I always find it fascinating how people perceive situations differently, particularly conflict. I felt that a horrific situation like the one in the book would be infinitely more interesting if we were privy to multiple perspectives.
As you were writing, who did you envision as the prime audience for this book? It seems that the book contains lessons that could be useful to several age groups.
I wrote this book for an adult audience, but I think teenagers will enjoy and relate to it, too. While most of the story takes place in the parents’ world, the teen storyline is prominent and pivotal. My daughter is sixteen and she’s a smart, sophisticated reader. While she still reads some YA novels, she enjoys a lot of adult fiction.
Were there any events in your own life or adolescence that you feel largely influenced the course of your life or the lives of those around you?
My dad died suddenly of a brain aneurysm when I was ten years old. Everything changed after that. When you experience a tragedy, you realize your whole life can be altered in a moment. I sometimes wonder who I would have become if he had lived, and if I would have made different choices with his guidance. My whole family was shaped by that loss.
How do you think people can best put a stop to bullying and cyberbullying?
As parents, we worry so much about our children getting good grades, making the team, or getting into a good college. But sometimes we neglect to emphasize being a kind and caring human being. And I think parents should monitor their kids on social media. It can feel like an invasion of their privacy, but the teenage brain is not fully developed. Kids post things online they consider benign but that could be hurtful or damaging to someone else. If children know there is even a chance their parents are checking up on them, they may reconsider posting something critical or cruel.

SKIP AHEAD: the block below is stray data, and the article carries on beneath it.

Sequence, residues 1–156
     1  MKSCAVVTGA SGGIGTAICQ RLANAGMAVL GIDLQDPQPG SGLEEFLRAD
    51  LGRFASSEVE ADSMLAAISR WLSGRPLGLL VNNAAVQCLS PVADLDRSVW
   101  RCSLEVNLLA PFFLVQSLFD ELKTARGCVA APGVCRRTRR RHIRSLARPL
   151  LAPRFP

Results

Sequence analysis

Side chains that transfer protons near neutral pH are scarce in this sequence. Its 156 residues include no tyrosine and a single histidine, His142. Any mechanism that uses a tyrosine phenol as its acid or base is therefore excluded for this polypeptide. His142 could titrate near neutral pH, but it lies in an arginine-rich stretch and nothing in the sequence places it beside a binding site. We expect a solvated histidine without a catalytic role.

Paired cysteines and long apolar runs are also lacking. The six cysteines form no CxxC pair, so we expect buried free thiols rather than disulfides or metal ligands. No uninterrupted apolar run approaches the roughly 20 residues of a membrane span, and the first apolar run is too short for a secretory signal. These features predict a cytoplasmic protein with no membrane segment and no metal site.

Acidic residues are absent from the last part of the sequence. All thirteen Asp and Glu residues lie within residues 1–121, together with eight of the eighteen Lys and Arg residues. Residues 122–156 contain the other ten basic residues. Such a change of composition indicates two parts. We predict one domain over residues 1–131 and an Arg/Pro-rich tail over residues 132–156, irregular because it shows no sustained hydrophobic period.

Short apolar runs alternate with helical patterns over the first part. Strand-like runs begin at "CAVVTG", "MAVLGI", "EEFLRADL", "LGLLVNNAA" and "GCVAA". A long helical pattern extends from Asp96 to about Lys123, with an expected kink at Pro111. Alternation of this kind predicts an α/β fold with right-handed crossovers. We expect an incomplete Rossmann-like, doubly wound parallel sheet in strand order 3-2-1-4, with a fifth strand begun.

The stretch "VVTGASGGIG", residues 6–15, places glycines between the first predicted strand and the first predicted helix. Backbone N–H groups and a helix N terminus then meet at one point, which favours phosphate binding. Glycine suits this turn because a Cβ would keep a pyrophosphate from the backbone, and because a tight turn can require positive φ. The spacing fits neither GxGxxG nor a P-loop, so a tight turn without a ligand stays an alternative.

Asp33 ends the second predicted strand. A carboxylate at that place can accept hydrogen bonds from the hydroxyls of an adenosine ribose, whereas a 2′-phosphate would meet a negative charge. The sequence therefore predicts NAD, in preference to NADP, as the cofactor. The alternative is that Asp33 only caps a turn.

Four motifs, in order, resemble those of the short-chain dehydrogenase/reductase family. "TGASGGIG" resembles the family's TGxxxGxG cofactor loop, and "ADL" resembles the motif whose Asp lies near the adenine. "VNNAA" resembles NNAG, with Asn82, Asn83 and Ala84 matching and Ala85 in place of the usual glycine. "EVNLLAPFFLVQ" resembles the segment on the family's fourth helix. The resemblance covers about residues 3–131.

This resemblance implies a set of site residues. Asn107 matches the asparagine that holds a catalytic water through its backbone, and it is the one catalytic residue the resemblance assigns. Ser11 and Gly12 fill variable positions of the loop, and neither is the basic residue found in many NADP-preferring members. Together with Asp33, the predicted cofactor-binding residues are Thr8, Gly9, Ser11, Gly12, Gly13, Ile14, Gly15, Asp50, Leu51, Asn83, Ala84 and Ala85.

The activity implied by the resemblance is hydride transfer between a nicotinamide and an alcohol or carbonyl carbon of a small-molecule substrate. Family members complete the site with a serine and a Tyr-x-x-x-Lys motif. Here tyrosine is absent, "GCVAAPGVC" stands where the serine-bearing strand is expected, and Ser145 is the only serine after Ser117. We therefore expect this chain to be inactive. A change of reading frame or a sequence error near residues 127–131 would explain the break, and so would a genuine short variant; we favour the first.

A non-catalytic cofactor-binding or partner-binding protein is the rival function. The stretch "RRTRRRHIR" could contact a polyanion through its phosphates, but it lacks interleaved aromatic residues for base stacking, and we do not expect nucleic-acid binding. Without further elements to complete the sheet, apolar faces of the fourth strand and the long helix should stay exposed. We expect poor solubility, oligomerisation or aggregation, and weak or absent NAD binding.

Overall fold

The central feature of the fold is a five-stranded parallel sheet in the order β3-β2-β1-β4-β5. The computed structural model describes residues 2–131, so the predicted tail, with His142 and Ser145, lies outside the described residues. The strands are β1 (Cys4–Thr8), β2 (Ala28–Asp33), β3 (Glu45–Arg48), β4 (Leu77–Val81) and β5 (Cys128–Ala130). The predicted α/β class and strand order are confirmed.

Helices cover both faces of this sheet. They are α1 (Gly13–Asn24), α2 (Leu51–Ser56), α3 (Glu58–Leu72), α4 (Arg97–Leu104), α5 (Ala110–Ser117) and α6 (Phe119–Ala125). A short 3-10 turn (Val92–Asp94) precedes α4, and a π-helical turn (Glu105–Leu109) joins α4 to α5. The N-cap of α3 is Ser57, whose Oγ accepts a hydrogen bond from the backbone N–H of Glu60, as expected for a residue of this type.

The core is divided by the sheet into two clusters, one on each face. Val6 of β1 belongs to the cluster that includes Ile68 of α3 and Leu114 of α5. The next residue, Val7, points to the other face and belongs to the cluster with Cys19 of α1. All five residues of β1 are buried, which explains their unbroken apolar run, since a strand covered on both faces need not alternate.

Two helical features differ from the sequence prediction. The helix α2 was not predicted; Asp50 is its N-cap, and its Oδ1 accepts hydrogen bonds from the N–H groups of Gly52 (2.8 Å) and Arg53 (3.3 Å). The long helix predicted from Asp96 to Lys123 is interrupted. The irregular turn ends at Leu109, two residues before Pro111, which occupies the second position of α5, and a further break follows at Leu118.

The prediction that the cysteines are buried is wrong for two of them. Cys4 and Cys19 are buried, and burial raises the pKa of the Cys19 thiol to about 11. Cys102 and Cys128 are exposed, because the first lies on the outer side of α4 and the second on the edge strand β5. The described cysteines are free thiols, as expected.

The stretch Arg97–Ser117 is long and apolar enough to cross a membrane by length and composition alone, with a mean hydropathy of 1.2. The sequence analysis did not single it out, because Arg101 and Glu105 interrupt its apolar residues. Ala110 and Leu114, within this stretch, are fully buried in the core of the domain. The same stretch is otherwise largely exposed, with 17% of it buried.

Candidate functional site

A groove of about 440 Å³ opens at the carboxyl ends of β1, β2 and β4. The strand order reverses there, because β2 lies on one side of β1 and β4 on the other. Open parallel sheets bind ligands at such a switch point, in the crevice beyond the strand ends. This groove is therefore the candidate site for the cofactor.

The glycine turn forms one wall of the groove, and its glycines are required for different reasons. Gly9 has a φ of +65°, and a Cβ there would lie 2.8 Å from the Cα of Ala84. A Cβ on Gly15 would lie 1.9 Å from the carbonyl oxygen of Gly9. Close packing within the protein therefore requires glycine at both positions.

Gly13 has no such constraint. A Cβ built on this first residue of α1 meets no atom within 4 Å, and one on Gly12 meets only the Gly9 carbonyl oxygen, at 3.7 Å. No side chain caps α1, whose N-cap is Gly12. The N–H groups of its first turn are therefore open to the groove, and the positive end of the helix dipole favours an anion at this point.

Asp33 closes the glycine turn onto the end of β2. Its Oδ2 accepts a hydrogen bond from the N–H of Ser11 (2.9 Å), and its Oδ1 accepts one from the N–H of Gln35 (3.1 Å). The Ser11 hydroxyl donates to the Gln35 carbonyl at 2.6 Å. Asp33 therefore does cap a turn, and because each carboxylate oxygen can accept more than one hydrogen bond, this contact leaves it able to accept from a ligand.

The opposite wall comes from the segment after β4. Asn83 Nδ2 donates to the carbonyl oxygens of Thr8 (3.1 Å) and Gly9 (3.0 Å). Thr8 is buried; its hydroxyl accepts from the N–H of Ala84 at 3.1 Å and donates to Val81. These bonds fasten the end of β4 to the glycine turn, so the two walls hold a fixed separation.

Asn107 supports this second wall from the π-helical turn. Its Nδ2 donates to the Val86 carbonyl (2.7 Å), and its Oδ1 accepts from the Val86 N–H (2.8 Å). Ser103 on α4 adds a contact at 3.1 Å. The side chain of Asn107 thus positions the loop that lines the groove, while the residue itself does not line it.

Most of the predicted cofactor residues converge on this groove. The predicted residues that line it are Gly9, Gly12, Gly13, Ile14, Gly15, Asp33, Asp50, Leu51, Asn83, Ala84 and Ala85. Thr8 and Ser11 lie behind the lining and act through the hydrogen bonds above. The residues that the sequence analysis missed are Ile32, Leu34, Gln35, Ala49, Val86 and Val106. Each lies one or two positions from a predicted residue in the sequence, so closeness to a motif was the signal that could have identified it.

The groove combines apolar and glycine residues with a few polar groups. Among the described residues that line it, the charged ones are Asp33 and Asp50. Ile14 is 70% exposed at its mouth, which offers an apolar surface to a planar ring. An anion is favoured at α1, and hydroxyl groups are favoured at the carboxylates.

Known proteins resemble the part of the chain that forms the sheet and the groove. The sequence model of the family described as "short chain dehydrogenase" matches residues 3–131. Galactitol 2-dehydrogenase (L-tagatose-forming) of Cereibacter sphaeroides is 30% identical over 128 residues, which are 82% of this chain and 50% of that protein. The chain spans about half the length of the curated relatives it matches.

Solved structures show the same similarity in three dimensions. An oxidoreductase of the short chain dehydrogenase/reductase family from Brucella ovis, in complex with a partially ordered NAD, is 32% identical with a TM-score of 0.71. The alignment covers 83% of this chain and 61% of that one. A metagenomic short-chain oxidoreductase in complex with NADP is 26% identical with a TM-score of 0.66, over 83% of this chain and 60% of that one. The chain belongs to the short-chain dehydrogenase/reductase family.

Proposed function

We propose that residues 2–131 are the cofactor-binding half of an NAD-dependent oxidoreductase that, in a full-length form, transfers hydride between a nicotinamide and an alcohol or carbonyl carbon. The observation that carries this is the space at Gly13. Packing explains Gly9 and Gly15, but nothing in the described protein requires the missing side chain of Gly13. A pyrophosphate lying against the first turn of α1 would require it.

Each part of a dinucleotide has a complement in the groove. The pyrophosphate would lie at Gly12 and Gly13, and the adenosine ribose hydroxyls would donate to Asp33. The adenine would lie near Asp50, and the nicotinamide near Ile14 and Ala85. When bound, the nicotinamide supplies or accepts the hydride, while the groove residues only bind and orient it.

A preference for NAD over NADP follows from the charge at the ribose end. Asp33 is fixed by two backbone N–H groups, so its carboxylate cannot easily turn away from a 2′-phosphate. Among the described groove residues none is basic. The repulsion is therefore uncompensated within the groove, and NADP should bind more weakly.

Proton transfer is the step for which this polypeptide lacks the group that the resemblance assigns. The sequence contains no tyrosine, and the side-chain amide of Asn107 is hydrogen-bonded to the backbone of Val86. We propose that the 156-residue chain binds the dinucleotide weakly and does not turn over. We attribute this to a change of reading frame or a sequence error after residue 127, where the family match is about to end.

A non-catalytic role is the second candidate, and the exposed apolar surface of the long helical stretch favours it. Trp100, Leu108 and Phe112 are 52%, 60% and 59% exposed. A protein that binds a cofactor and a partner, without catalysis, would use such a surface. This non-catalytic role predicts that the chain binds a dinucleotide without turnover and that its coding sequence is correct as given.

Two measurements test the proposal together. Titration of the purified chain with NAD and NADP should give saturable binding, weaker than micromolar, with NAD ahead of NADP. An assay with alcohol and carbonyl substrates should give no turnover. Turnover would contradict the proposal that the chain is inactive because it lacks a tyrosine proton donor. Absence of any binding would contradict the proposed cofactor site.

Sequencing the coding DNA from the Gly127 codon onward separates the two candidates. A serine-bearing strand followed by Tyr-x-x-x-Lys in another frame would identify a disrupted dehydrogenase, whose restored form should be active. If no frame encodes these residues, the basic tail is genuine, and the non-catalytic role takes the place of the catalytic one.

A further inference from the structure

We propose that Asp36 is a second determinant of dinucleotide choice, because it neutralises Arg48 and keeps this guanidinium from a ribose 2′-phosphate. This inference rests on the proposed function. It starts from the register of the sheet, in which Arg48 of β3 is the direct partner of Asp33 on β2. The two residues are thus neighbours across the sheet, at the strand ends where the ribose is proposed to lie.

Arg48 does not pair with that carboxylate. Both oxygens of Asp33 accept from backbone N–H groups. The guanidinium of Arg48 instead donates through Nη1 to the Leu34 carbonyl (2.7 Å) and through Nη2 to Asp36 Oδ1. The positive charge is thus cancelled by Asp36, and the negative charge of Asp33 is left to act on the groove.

If you could go back in time and give your adolescent self one message, what would it be?
A perm is not a good idea. And also, that one day, you will feel comfortable in your own skin.
Who are some of the contemporary storytellers that you find most inspiring or compelling today and why?
I just read Bill Clegg’s novel Did You Ever Have a Family. I was afraid it would be too sad for me, but it was beautiful, so real and moving and smart. Liane Moriarty is amazing. Her writing is insightful and intelligent but still so accessible. I feel the same way about David Nicholls and Nick Hornby. And I am a huge Kate Atkinson fan. I don’t normally read a lot of mysteries, but I love her Jackson Brodie series. She inspires me with her little touches of humor in even the darkest tales.
You have written several other works. How does this story relate to your previous work? Do you feel that it’s very different from your previous books or would you say there is a common thread among the works?
Before this book, I’d considered myself a humor/comedy writer. My first novels were humorous women’s fiction (or “chick lit” to use a controversial term). I also wrote the screenplay for an indie dramedy titled The Steps, about a step family meeting for the first time. It’s very funny, but it does deal with some heavy themes (alcoholism, family secrets, parental neglect). Tonally, The Party is much darker than anything I’ve written, but I have always tried to create relatable characters and deal in real-life scenarios. To me, real people and this messy world we live in are more fascinating than a dystopian future or a fantasy land.